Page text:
In the Gospel this week, Jesus has “set his face toward Jerusalem.” He is sending messengers ahead of him to prepare the way. Yet one Samaritan community refuses to receive him. The disciples are quick to want to bring violence upon them: John and James want to set the town ablaze!
Their reaction is striking. Even the closest of disciples are susceptible to their own reactive and violent tendencies when others do not accept them/nor their message. This passage is a helpful reminder for us. Our defensive and destructive habits are difficult to break even as we journey in faith.
-At this point in their journey the twelve have already been spreading the good news and curing diseases.
-They have already been told “if someone does not receive you, shake the dust off your feet.”
-They have already fed the 5000.
-They have already heard the Beatitudes.
In the Gospel of Luke, Peace is emphasized as coming through the Spirit and it is also associated with God’s Glory. Peace and Glory. From the very beginning of the Gospel we hear: “Glory to God in the highest, And on earth peace, goodwill toward men!”
While we understand that Love is an action, We often don’t consider Peace as an action. Many understand the definition of Peace as lack of violence - or the absence of war.
How do you understand Peace? It is not simply doing nothing. It’s an activity. Sometimes it is choosing to do nothing which is not indifference. Peace has intention behind it. Peace needs to be created.
Jesus’ message is about just that. Peace is used fourteen times in Luke. He is building bridges between those who do not get along. The parable of the Good Samaritan comes from this Gospel.
When the disciples respond reactively to the Samaritan community, Jesus rebukes them. The passage says they simply continue on their way to the next village. Jesus does not have to stop to consider his response. He keeps moving forward. In fact, he has to turn to John and James in his reprimand, suggesting he is in continual motion. He has set his face forward.
Not only have the disciples missed the mark. They seem particularly dense at times (not unlike us). They are called to Jesus’ message (the greater message of God) but get misdirected by their own predispositions.
Do you Remember the Beatitudes: What he says about out enemies?
But to those of you who will listen, I say: Love your enemies, do good to those who hate you, 28bless those who curse you, pray for those who mistreat you. 29If someone strikes you on one cheek, turn to him the other also.
Remember what he says about Judgment and Forgiveness?
Do not judge, and you will not be judged. Do not condemn, and you will not be condemned. Forgive, and you will be forgiven. 38Give, and it will be given to you.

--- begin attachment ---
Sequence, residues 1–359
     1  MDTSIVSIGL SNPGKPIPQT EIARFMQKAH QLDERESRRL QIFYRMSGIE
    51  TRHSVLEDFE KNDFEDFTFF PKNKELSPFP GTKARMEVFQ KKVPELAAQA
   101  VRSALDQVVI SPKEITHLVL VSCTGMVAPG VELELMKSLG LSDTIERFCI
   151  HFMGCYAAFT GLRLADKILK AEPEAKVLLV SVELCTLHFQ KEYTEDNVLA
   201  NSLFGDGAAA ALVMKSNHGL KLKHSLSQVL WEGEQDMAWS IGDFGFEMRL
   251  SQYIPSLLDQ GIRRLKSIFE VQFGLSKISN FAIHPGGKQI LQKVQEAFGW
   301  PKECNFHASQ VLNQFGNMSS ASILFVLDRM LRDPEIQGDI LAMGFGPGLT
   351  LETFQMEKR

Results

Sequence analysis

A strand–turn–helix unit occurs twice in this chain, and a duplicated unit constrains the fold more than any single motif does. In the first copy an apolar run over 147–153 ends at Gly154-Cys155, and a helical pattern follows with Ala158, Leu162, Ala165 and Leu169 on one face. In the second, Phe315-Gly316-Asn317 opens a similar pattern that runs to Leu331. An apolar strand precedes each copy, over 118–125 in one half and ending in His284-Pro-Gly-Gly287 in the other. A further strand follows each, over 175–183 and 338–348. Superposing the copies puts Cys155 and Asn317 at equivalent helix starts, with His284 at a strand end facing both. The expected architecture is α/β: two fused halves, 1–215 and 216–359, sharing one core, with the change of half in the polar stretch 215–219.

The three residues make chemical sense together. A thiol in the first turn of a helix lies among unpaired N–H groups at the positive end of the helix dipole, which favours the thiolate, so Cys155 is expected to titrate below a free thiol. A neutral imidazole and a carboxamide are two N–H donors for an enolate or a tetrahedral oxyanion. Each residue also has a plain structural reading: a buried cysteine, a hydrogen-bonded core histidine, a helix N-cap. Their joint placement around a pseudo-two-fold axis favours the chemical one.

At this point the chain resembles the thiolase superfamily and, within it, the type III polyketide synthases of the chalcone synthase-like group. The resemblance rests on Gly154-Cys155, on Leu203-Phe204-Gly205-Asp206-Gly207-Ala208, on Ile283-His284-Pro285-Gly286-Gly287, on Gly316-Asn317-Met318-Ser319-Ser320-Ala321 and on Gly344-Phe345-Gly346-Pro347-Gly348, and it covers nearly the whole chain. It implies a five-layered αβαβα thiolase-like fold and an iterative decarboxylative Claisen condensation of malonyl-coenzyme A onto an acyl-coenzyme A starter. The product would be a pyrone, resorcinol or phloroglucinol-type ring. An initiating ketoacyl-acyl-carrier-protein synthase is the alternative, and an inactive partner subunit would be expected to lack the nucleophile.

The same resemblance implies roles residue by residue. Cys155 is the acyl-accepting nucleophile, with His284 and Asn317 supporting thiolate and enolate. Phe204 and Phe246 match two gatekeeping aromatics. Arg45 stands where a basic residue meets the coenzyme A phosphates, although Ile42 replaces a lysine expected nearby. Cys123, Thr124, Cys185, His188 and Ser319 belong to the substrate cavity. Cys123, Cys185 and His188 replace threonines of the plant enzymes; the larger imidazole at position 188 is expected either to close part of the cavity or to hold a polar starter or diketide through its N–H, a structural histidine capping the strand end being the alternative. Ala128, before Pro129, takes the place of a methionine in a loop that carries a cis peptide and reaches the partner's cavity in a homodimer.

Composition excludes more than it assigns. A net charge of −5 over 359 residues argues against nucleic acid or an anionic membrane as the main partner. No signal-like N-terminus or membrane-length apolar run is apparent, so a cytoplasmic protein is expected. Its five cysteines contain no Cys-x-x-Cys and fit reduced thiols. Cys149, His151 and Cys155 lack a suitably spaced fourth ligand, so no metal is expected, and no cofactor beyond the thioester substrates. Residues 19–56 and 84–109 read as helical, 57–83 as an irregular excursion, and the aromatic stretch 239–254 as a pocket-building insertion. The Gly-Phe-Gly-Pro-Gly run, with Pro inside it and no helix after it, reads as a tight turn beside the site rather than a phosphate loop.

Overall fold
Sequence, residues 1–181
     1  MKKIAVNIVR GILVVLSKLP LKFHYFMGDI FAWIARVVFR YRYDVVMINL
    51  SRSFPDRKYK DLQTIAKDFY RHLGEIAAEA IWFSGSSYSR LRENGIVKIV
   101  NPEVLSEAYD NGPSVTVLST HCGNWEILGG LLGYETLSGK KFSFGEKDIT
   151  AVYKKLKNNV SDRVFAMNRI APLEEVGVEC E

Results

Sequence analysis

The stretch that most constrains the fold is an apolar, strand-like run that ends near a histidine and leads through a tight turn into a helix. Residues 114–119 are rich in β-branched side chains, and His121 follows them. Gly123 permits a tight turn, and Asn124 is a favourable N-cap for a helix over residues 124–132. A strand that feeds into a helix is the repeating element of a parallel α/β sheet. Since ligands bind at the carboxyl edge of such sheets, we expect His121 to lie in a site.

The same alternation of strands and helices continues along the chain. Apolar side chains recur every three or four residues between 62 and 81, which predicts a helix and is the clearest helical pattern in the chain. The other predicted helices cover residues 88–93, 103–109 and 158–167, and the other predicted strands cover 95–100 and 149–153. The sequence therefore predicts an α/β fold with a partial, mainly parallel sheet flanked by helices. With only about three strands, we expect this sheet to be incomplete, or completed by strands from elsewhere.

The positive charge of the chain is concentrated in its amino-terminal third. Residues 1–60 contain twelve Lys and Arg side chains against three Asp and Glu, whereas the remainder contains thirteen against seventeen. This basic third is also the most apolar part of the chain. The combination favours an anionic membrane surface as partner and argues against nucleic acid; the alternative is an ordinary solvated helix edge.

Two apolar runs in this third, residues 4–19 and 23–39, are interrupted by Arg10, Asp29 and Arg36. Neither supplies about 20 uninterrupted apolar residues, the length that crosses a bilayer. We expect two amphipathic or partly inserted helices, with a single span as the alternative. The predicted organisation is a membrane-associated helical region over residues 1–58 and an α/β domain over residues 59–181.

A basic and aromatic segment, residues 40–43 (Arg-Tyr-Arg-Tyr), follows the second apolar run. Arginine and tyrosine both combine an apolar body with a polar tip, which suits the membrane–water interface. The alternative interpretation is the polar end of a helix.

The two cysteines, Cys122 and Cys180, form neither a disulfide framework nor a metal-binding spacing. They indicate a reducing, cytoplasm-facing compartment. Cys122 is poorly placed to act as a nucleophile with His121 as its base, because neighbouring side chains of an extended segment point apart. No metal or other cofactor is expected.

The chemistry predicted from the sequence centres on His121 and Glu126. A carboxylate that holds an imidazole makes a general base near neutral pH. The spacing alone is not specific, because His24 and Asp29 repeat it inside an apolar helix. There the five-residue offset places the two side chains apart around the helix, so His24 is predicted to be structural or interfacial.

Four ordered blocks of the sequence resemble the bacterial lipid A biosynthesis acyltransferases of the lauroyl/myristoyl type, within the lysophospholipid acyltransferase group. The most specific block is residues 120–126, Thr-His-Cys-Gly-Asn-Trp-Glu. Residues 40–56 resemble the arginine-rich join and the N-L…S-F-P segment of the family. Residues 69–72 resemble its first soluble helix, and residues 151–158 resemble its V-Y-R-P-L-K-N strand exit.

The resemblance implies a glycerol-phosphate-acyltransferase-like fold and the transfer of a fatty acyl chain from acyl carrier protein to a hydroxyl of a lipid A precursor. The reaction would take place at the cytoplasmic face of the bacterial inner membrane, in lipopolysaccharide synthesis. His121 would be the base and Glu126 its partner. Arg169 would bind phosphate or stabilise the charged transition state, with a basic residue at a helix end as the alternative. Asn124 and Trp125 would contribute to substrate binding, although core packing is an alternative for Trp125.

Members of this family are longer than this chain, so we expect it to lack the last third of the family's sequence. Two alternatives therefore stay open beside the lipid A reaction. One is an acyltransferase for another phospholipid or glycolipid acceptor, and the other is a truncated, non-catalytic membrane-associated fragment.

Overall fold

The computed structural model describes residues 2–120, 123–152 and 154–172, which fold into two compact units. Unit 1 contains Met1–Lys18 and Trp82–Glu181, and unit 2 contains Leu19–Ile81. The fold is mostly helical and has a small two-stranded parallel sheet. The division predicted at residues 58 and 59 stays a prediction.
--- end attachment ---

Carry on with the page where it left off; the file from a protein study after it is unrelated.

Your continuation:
1Why do you look at the speck in your brother’s eye, but fail to notice the beam in your own eye? 42How can you say, ‘Brother,c let me take the speck out of your eye,’ while you yourself fail to see the beam in your own eye?
Finally he ends with: Why do you call Me ‘Lord, Lord,’ but not do what I say? 47I will show you what he is like who comes to Me and hears My words and acts on them: 48He is like a man building a house, who dug down deep and laid his foundation on the rock. When the flood came, the torrent crashed against that house but could not shake it, because it was well built.
This is what comes from finding peace within ourselves. People will mistreat us. People will judge and condemn us. People will disagree with us. But if we have a good foundation it will not completely shake us.
As Author and Franciscan Brother, Richard Rohr, states:
“Many of us think we are converted to Christ, but without the conversion of our emotional reactions, we remain much like everyone else…
He goes on to say:
…The next time you are offended, consider it a “teachable moment.” Ask yourself what part of you is actually upset. It’s normally the smaller or ego self [which isn’t your converted self]. If we can move back to the big picture of who we are in God, our True Self, we’ll find that what upset us usually doesn’t amount to a hill of beans in objective reality! But we can waste a whole day (or longer) feeding that hurt until it seems to have a life of its own and, in fact, “possesses” us. At that point, it becomes what Eckhart Tolle rightly calls our “pain-body.”
Predispositions that hurt us and “take on a life of their own” were known to the desert mothers and fathers as “the passions.” Paul refers to them as things “of the flesh” the things that contribute to the pain body: “enmities, strife, jealousy, anger, quarrels, dissensions, factions, envy, adultery…It is a list of things that literally cause the “pain body.”
That is what Paul means when he says you will not inherit the Kingdom of God. It is not an arbitrary list that makes someone a bad person therefore we will be punished. It is a list of things that we are prone to - and that have the potential to cause pain to ourselves in a cascading domino effect… then there is no peace for ourselves or others - or for the Kingdom of God.
But if we all (literally all) were to spend time becoming awake to the passions that dominate us personally; that create such reactive emotions; we would start to uncover our true foundation.
The Gospel today is also a reminder that Jesus is not just "on the way" but Jesus "is the way.”
As we journey in our own spiritual development with him we learn to shake the dust off of our feet.
We learn to let slights slough off of us, we learn to forgive, we stop holding up a target for insults (real or imagined). We strive to keep our Spirits alive, healthy and moving forward toward a Peaceable Kingdom.
After this incident (or non incident with the Samaritans) in the Gospel there is a distinct separate piece. Our passage transitions into a portion that includes three statements from Jesus about what is necessary to follow the way. Essentially, they all boil down to one thing: your willingness is required immediately. We are moving in a direction and we cannot rest from it.